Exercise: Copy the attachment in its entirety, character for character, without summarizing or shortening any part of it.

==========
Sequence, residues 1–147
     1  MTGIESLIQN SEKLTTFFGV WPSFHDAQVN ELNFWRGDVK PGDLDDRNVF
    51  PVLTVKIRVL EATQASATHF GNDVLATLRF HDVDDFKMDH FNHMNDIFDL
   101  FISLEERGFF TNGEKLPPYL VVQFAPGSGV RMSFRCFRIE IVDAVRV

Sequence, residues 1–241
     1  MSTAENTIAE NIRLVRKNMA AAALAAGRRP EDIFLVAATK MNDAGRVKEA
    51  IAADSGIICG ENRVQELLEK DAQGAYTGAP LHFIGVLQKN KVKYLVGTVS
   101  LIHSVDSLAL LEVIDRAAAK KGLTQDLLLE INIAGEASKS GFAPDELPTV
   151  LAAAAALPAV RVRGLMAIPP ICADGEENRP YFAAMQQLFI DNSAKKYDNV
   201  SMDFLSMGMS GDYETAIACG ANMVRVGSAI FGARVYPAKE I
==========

Sequence, residues 1–147
     1  MTGIESLIQN SEKLTTFFGV WPSFHDAQVN ELNFWRGDVK PGDLDDRNVF
    51  PVLTVKIRVL EATQASATHF GNDVLATLRF HDVDDFKMDH FNHMNDIFDL
   101  FISLEERGFF TNGEKLPPYL VVQFAPGSGV RMSFRCFRIE IVDAVRV

Sequence, residues 1–241
     1  MSTAENTIAE NIRLVRKNMA AAALAAGRRP EDIFLVAATK MNDAGRVKEA
    51  IAADSGIICG ENRVQELLEK DAQGAYTGAP LHFIGVLQKN KVKYLVGTVS
   101  LIHSVDSLAL LEVIDRAAAK KGLTQDLLLE INIAGEASKS GFAPDELPTV
   151  LAAAAALPAV RVRGLMAIPP ICADGEENRP YFAAMQQLFI DNSAKKYDNV
   201  SMDFLSMGMS GDYETAIACG ANMVRVGSAI FGARVYPAKE I